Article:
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About Jetaway

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    Manteca, CA

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  1. I love mine. They are from 70s to about 1990 Jag XJS's. A bit heavy, but the coverage is good, very good. They are the only mirrors that I have had on that, in conjunction with the interior rearview, completely eliminates blindspots. Does give the car a bit of the Third World Dictator look, but I can deal with that. Chris
  2. In November of 2013 I posted the following under Plasti-Dip Longevity Report: === Just thought I'd do a follow up on a post I made a little over two years ago. I wrote about Nevr-Dull and Plasti-Dip: http://www.classiczc...metic-uses.html Two years later, going on three to four years after application, the Plasti-Dip is still a nice, solid black, unfazed by washing or heavy sun exposure. === Another two years has passed since the above and I can now report: Nothing. Absolutely no change in the Plasti-Dip. From the cap on the wheels to the back panel, the metal panel between the dash and windshield to the windshield wipers, still an unfaded, ungreyed black. I salute thee, Plasti-Dip! Chris
  3. Jetaway


    Airbags are vastly over-rated as safety devices. The fact is that it is awfully difficult to be killed behind the wheel if you are wearing properly adjusted / fitted 3-point seat belts. So, make sure you always wear your belts. (Aside: I'm so maniacal about clicking up that friends used to give me *hit about putting them on to back out of the garage. Which I would, albeit because it is so automatic.) Going to a full safety harness may or may not attract the type of person to whom you may wish to attract, but increases the safety margin further. If you really want to go all-in, have a roll cage installed. It's not like real people can fit in the +2 part of the Z anyway. Use LEDs for the brake lights. They hit peak brightness faster than incandescents and I've heard that at 60 mph they give the car behind you the equivalent of 15 -- 20 feet "extra" braking time. Every little bit helps. Replace / inspect the windshield. The constant slow-sand scouring that occurs during driving eventually destroys the opacity of the glass, especially noticeable at night. Finally, heed the many and wise posts about the dangers of distracted driving -- both of yourself and others. Chris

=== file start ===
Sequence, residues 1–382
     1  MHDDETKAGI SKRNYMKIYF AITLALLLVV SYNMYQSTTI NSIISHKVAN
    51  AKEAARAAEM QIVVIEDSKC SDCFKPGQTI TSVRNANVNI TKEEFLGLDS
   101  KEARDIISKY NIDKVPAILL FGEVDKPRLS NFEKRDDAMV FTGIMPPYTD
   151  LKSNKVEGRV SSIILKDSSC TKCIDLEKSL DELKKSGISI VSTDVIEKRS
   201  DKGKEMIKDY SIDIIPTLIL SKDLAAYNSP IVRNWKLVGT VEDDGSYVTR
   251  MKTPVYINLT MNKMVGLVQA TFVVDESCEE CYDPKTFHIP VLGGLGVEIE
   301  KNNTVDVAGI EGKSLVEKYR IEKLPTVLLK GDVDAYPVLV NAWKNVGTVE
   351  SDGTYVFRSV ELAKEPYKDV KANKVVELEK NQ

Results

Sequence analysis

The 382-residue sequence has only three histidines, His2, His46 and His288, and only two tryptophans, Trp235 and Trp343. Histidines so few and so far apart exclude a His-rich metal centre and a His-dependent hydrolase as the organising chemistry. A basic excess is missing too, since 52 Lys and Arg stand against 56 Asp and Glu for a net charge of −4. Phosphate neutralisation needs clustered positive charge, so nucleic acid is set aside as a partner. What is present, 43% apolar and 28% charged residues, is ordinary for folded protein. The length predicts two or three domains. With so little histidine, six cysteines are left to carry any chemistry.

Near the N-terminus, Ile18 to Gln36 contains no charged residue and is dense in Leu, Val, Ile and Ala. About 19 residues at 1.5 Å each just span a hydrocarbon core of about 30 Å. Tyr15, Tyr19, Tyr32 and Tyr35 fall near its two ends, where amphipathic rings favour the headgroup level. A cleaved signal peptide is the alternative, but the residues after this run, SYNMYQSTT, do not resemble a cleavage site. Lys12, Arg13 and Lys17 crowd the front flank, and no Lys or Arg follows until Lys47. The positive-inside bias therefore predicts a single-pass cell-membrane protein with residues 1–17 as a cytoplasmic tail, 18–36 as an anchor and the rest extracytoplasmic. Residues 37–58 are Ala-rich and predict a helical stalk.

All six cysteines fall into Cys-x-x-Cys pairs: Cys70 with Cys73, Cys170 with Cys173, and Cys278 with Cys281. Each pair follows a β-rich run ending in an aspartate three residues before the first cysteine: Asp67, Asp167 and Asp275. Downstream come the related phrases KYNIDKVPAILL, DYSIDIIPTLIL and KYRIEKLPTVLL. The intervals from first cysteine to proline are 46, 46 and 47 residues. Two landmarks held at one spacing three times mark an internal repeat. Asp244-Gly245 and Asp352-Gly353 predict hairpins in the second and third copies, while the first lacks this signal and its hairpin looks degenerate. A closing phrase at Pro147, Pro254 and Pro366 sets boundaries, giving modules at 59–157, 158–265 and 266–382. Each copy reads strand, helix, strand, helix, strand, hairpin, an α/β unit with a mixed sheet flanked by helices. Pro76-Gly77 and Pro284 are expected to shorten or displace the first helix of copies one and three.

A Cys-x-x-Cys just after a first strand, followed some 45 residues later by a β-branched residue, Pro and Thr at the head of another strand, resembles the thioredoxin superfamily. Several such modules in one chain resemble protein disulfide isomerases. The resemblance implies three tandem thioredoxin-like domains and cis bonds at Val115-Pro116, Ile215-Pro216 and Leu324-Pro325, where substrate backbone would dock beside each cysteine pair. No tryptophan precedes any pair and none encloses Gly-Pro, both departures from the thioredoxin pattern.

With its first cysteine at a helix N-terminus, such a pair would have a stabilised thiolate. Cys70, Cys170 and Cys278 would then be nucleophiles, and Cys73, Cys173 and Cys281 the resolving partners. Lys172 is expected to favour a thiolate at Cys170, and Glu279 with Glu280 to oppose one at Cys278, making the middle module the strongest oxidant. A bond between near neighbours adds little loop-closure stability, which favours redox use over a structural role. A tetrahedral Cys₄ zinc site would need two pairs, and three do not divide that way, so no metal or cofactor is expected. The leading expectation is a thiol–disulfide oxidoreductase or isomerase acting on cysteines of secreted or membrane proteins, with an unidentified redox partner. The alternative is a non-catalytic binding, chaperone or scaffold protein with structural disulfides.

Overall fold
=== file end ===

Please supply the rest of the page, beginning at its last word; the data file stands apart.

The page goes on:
4. You are welcome, hope you find it as useful as I did. Chris
  5. Thanks for the replies. The pipes will be coming out, or at the least, be cut back considerably. I tried, with not much expectation of success, to remove the pipe fittings to make it a clean job. Much to my surprise, the first nut turned without any drama. Having been down similar roads before, rather than removing it, I went to the second nut -- a nut now well on the way to be rounded off nut. Third nut, same as the second. On to Plan B: I used a Dremel-like tool with a cut-off wheel to slice the pipes as close as possible to the manifold proper. I may end up leaving it as is; with the distribution pipe still attached, there is no chance of leaking; but I'll haul it around town and see if I can get a shop to weld the holes shut for me for $20. If so, I'll cut the pipes on the outside for a cleaner look. Thanks again for the advice. Chris